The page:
Russia’s credit rating was cut to junk by S&P Global Ratings, which joined Fitch Ratings in downgrading Ukraine amid an escalation of conflict in the region.
S&P lowered Russia to BB+, below investment grade, from BBB- late Friday and warned of further cuts, citing the “strong international sanctions” slapped on the country following its invasion of Ukraine. S&P also lowered Ukraine to B- from B.
Both countries were also put on review for downgrade at Moody’s Investors Service, which rates Russia Baa3, one notch above junk, and Ukraine at B3, six steps below investment grade. Fitch took Ukraine’s level down to CCC from B, putting it seven steps below investment grade and on par with El Salvador and Ethiopia.
The war, which entered its third day on Saturday, has prompted the US and its allies to impose a swath of sanctions on Russia. President Joe Biden sanctioned Vladimir Putin and several key aides as Russian troops met opposition in Ukraine’s capital.
“The announced sanctions could have significant direct and second-round effects on economic and foreign trade activity, domestic resident confidence, and financial stability,” S&P said in a statement.
“We also expect geopolitical tensions to drag on private-sector confidence, weighing on growth.”
Russia remains financially stable thanks to its international reserves and low level of debt, the Finance Ministry in Moscow said in a statement Saturday, responding to announcements by the ratings companies.
The Finance Ministry “will continue to maintain a responsible financial and budget policy,” according to the statement.
The invasion sent the financial world reeling this week, with bonds from Russia and Ukraine the worst hit in global sovereign-debt markets. Ukrainian dollar bonds were down an average of 53 percent this week while Russia’s have lost 45 percent, according to data compiled from a Bloomberg index.
The invasion of Ukraine by Russia this week represents “a significant further elevation of geopolitical risk” and severe sanctions against Russia that “could impact sovereign debt repayment,” the Moody’s analysts said in a Friday statement.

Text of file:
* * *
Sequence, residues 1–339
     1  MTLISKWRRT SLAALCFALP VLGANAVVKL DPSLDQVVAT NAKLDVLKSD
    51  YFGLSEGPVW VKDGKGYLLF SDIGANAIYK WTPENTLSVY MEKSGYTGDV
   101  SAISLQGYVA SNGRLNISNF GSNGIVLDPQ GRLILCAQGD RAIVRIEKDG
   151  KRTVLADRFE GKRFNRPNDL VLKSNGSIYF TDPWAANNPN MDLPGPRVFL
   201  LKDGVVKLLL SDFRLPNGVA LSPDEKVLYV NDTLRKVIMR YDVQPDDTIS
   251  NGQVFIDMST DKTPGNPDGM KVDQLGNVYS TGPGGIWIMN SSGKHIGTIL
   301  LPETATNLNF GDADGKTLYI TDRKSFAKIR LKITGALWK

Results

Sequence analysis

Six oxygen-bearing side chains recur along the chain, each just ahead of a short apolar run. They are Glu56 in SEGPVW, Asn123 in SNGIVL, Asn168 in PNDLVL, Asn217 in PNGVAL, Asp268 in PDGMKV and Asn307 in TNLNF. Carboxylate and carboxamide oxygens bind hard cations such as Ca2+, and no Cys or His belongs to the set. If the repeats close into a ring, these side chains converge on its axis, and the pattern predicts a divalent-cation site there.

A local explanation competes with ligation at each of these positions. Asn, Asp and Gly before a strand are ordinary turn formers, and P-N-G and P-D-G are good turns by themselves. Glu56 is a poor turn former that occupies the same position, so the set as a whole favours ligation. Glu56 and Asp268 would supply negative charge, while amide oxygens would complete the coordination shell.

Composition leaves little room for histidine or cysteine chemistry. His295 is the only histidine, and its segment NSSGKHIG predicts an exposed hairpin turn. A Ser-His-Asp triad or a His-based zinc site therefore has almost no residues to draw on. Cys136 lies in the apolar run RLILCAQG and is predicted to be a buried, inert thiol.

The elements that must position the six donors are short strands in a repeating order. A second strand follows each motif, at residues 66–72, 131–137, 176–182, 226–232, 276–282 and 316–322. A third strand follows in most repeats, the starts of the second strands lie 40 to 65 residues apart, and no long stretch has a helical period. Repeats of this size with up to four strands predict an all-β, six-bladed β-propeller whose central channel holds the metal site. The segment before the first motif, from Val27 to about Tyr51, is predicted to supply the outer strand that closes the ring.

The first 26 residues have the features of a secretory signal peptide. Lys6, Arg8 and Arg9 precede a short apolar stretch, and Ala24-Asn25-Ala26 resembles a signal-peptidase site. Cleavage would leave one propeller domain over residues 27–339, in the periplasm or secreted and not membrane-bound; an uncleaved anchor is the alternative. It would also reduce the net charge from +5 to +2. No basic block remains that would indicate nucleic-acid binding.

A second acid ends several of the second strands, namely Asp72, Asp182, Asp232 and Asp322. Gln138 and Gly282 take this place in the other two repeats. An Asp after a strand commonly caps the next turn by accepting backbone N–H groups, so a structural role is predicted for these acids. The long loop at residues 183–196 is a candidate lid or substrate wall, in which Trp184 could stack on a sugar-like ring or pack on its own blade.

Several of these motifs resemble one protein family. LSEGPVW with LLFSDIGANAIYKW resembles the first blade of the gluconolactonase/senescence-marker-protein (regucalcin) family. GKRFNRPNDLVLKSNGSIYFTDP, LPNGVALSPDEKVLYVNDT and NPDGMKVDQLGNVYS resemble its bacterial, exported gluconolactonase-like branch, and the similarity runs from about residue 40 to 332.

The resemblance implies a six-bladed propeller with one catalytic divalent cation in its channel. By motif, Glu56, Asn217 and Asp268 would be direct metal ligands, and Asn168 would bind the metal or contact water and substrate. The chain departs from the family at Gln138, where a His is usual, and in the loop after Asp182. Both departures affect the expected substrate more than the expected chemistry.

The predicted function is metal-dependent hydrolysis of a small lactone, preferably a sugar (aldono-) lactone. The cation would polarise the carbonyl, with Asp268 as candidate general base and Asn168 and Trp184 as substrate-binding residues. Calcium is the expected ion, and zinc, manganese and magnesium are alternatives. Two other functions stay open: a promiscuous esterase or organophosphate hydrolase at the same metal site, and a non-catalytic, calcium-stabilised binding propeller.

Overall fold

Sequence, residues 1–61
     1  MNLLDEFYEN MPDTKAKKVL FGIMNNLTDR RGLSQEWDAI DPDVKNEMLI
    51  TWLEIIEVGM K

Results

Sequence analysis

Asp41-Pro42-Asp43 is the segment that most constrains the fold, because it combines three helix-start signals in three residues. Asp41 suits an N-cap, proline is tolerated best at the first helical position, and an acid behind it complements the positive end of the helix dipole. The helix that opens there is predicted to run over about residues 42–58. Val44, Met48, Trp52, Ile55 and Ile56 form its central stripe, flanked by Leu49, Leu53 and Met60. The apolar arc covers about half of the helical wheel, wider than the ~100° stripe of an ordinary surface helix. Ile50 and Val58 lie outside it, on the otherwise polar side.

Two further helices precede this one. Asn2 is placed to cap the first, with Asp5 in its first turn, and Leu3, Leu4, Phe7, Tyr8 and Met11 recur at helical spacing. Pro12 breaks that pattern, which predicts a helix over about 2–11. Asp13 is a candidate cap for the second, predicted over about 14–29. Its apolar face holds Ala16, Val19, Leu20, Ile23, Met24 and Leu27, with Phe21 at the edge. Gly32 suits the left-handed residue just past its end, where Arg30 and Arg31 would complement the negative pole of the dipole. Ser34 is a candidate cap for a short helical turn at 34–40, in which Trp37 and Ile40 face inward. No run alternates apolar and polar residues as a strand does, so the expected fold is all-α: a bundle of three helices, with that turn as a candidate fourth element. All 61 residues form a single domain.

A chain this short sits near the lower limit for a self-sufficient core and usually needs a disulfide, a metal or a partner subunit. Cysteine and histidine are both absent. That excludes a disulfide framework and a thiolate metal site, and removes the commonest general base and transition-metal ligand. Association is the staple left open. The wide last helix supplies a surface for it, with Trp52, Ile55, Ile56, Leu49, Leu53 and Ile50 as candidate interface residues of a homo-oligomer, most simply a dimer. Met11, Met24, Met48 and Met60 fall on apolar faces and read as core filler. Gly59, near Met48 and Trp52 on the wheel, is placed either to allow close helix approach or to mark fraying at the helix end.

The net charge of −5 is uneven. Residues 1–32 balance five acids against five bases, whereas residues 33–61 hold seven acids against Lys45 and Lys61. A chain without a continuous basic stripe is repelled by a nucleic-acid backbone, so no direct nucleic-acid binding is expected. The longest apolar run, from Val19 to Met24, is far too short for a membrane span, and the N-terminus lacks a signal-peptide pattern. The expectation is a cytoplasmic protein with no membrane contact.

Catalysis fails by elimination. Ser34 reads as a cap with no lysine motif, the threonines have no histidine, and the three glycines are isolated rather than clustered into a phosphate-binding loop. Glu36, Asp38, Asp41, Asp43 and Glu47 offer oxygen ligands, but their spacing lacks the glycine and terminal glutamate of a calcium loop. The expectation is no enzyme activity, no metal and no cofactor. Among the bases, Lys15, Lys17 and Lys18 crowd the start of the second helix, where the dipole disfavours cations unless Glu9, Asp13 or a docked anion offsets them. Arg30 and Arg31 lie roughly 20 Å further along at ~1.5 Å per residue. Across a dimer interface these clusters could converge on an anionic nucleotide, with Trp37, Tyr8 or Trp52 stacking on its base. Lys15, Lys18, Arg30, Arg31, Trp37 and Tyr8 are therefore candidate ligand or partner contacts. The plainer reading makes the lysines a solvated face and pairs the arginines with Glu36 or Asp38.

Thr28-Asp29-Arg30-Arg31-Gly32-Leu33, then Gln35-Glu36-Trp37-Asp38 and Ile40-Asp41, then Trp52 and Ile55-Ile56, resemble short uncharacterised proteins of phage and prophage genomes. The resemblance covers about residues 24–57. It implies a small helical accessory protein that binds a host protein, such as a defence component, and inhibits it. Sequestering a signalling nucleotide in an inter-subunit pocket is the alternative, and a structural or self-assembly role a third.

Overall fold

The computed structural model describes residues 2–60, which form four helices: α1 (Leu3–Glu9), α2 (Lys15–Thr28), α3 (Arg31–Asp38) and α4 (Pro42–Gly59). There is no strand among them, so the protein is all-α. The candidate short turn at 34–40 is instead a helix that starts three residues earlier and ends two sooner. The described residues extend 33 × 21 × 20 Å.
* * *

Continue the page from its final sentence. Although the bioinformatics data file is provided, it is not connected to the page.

“The ultimate severity of the impact of new sanctions on Russia’s credit profile will depend on their scope, the sectors targeted and the degree of coordination between Western countries,” they added.
For Ukraine, meantime, “an extensive conflict” could pose a risk to the government’s liquidity and external positions given Ukraine’s sizable external maturities in the coming years and the reliance of its economy on foreign-currency funding.
For Fitch analysts, the invasion by Russia has spurred “heightened risks to Ukraine’s external and public finances, macro-financial stability and political stability.”
The turmoil has not just been confined to Ukrainian and Russian bond prices. Riskier assets and havens alike have been whipsawed this week as investors gauge the situation and its economic impact.
“Everything depends upon how long this war (for lack of a better term to use) lasts,” said Jack McIntyre, a portfolio manager at Brandywine Global Investment Management in Philadelphia.
“I’d say Ukraine bondholders have more to worry about than a downgrade.”
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